5,192 research outputs found

    Practical Algorithms for Multicast Support in Input Queues Switches

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    Abstract — This paper deals with multicast flow support in N × N Input Queued switch architectures. A practical approach to support multicast traffic is presented, assuming that O(N) queues are available at each input port. The focus is on dynamic queueing policies, where, at each input port, multicast flows are assigned to one among the available queues when flows become active: flows are assigned to queues according to switch queue status and, possibly, to flow information. We discuss queueing assignments, scheduling algorithms and flow activity definition models. We explain why dynamic queueing disciplines may outperform static policies, and we show that, even in the most favorable conditions for static policies, they provide comparable performance. I

    Infectious agents in atherosclerotic cardiovascular diseases through oxidative stress

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    Accumulating evidence demonstrates that vascular oxidative stress is a critical feature of atherosclerotic process, potentially triggered by several infectious agents that are considered as risk co-factors for the atherosclerotic cardiovascular diseases (CVDs). C. pneumoniae has been shown to upregulate multiple enzymatic systems capable of producing reactive oxygen species (ROS) such as NADPH oxidase (NOX) and cyclooxygenase in vascular endothelial cells, NOX and cytochrome c oxidase in macrophages as well as nitric oxide synthase and lipoxygenase in platelets contributing to both early and late stages of atherosclerosis. P. gingivalis seems to be markedly involved in the atherosclerotic process as compared to A. actinomycetemcomitans contributing to LDL oxidation and foam cell formation. Particularly interesting is the evidence describing the NLRP3 inflammasome activation as a new molecular mechanism underlying P. gingivalis-induced oxidative stress and inflammation. Amongst viral agents, immunodeficiency virus-1 and hepatitis C virus seem to have a major role in promoting ROS production, contributing, hence, to the early stages of atherosclerosis including endothelial dysfunction and LDL oxidation. In conclusion, oxidative mechanisms activated by several infectious agents during the atherosclerotic process underlying CVDs are very complex and not well-known, remaining, thus, an attractive target for future research

    Sensitivity Analysis of Streeter-Phelps Models

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    Sensitivity theory is applied in this paper to a class of generalized Streeter-Phelps models in order to predict the variations induced in BOD by the variations of some parameters characterizing the river system. The paper shows how simple and elegant this technique is, and at the same time proves that many relatively complex phenomena can be explained by Streeter-Phelps models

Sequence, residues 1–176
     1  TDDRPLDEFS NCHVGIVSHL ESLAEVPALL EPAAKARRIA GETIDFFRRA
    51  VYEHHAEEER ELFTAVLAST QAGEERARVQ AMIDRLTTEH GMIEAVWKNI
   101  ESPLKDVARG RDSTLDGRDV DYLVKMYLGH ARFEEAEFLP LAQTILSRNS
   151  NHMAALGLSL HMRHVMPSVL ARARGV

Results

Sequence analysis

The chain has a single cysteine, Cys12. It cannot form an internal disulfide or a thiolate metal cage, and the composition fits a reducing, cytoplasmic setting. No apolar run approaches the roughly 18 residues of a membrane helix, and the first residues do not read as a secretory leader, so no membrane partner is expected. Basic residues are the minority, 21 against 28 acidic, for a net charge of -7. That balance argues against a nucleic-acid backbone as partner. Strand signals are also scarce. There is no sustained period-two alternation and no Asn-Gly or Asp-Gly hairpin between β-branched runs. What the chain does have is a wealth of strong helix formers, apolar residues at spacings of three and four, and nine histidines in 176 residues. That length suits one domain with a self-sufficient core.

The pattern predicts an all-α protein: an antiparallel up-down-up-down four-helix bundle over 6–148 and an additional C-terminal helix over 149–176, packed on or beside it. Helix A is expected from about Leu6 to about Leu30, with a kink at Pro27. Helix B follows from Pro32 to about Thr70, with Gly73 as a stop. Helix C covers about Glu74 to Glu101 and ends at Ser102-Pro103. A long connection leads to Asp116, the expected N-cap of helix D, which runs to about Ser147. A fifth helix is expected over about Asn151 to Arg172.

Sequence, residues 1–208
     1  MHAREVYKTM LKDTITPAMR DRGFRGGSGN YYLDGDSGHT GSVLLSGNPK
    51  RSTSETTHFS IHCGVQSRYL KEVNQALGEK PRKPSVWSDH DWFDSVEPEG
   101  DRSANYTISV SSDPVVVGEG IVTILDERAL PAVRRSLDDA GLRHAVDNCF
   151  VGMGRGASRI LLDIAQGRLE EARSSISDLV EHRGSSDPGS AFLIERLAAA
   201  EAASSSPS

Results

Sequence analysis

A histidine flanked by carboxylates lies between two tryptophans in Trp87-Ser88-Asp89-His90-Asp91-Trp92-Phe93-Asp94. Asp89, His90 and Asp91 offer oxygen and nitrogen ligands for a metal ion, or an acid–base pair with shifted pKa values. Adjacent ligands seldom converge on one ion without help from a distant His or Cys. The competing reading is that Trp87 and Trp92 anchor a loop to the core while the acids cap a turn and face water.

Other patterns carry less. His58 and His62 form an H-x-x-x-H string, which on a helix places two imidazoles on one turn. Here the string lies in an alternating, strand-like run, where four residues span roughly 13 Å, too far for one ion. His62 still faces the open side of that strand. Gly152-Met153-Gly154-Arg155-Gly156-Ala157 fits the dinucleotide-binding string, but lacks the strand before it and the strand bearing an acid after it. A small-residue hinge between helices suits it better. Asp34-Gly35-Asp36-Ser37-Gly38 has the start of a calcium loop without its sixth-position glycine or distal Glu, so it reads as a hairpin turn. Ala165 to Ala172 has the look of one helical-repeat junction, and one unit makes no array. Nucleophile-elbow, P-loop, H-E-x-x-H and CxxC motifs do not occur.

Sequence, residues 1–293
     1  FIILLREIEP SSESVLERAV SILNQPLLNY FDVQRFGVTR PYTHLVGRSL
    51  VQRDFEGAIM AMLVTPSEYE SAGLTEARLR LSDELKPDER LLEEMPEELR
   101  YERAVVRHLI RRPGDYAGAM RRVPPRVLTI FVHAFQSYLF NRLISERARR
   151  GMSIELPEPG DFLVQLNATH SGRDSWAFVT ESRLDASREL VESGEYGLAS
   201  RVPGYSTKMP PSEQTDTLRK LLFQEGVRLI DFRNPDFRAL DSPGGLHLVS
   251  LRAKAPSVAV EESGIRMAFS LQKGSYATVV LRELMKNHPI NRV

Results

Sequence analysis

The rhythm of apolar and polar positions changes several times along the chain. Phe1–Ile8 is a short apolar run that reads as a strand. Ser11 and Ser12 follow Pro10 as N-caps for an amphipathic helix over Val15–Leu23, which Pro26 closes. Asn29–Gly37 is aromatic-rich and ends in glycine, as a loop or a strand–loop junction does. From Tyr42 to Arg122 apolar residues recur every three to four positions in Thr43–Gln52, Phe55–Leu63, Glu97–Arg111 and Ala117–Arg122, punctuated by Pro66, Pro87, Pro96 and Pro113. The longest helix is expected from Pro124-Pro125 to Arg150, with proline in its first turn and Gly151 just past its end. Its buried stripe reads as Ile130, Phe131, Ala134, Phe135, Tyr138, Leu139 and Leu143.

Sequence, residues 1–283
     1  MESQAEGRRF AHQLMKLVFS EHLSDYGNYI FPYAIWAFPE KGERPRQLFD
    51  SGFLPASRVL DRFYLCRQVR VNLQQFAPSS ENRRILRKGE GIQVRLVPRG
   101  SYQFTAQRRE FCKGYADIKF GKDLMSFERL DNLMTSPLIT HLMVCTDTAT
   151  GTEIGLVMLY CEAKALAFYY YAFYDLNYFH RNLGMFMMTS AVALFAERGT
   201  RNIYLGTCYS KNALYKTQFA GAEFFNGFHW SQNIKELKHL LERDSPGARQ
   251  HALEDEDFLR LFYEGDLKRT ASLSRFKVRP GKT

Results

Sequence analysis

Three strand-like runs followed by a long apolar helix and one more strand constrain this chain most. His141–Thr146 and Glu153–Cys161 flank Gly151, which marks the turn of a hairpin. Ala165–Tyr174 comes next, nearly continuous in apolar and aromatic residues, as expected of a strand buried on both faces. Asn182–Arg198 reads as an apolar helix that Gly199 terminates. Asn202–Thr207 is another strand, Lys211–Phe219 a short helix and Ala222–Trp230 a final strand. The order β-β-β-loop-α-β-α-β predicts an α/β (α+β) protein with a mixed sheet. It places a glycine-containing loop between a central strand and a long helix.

Optimal Allocation of Artificial In-Stream Aeration

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    This paper presents some simple properties of the problem of optimal allocation and design of a system of mechanical surface aerators. These properties are proved to be valid for an extremely wide class of river quality models and it is shown how they can be usefully employed to simplify the problem and to improve the efficiency of some dynamic programming algorithms. Finally a method is suggested for dealing with the allocation problem in a river basin composed of a main stream and its tributaries

    A Min-Max Approach to Reservoir Management

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    Analysis concerned with problems of the rational use of natural resources almost invariably deals with uncertainties with regard to the future behavior of the system In question and with multiple objectives reflecting conflicting goals of the users of the resources. Uncertainty means that the information available is not sufficient to unambiguously predict the future of the system, and the multiplicity of the objectives, on the other hand, calls for establishing rational trade-offs among them. The rationality of the trade-offs is quite often of subjective nature and cannot be formally incorporated into mathematical models supporting the analysis, and the information with regard to the future may vary with time. Then the challenge to the analyst is to elaborate a mathematical and computer implemented system that can be used to perform the analysis recognizing both the above aspects of real world problems. These were the issues addressed during the summer study "Real-Time Forecast versus Real-Time Management of Hydrosystems," organized by the Resources and Environment Area of IIASA in 1981. The general line of research was the elaboration of new approaches to analyzing reservoir regulation problems and to estimating the value of the information reducing the uncertainties. Computationally, the research was based on the hydrosystem of Lake Como, Northern Italy. This paper describes the application of an innovative approach to problems of reservoir management. This approach, which focuses on a risk-adverse regulation of a hydrosystem, takes into account both major aspects of this type of problem: uncertainty with regard to inflows of water into the system, and also multiple objectives which are faced by the manager. The theoretical basis of the approach has been described in another paper of this series of publications. This paper is more application-oriented, and contains also computational results for the regulation problem of Lake Como in Northern Italy